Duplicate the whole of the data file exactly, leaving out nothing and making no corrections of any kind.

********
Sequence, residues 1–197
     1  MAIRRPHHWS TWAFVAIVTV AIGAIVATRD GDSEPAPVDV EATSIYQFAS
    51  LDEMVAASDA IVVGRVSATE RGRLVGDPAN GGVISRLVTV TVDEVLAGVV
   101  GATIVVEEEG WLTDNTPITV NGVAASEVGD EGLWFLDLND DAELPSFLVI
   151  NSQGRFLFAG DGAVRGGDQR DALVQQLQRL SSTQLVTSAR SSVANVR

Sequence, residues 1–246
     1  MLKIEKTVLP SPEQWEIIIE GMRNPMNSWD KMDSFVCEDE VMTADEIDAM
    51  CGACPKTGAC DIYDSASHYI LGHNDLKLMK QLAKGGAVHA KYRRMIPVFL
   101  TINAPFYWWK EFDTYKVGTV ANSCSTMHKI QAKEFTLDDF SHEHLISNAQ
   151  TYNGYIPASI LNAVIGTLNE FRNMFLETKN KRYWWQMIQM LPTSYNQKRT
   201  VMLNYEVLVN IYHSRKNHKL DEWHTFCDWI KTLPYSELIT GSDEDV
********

Sequence, residues 1–197
     1  MAIRRPHHWS TWAFVAIVTV AIGAIVATRD GDSEPAPVDV EATSIYQFAS
    51  LDEMVAASDA IVVGRVSATE RGRLVGDPAN GGVISRLVTV TVDEVLAGVV
   101  GATIVVEEEG WLTDNTPITV NGVAASEVGD EGLWFLDLND DAELPSFLVI
   151  NSQGRFLFAG DGAVRGGDQR DALVQQLQRL SSTQLVTSAR SSVANVR

Sequence, residues 1–246
     1  MLKIEKTVLP SPEQWEIIIE GMRNPMNSWD KMDSFVCEDE VMTADEIDAM
    51  CGACPKTGAC DIYDSASHYI LGHNDLKLMK QLAKGGAVHA KYRRMIPVFL
   101  TINAPFYWWK EFDTYKVGTV ANSCSTMHKI QAKEFTLDDF SHEHLISNAQ
   151  TYNGYIPASI LNAVIGTLNE FRNMFLETKN KRYWWQMIQM LPTSYNQKRT
   201  VMLNYEVLVN IYHSRKNHKL DEWHTFCDWI KTLPYSELIT GSDEDV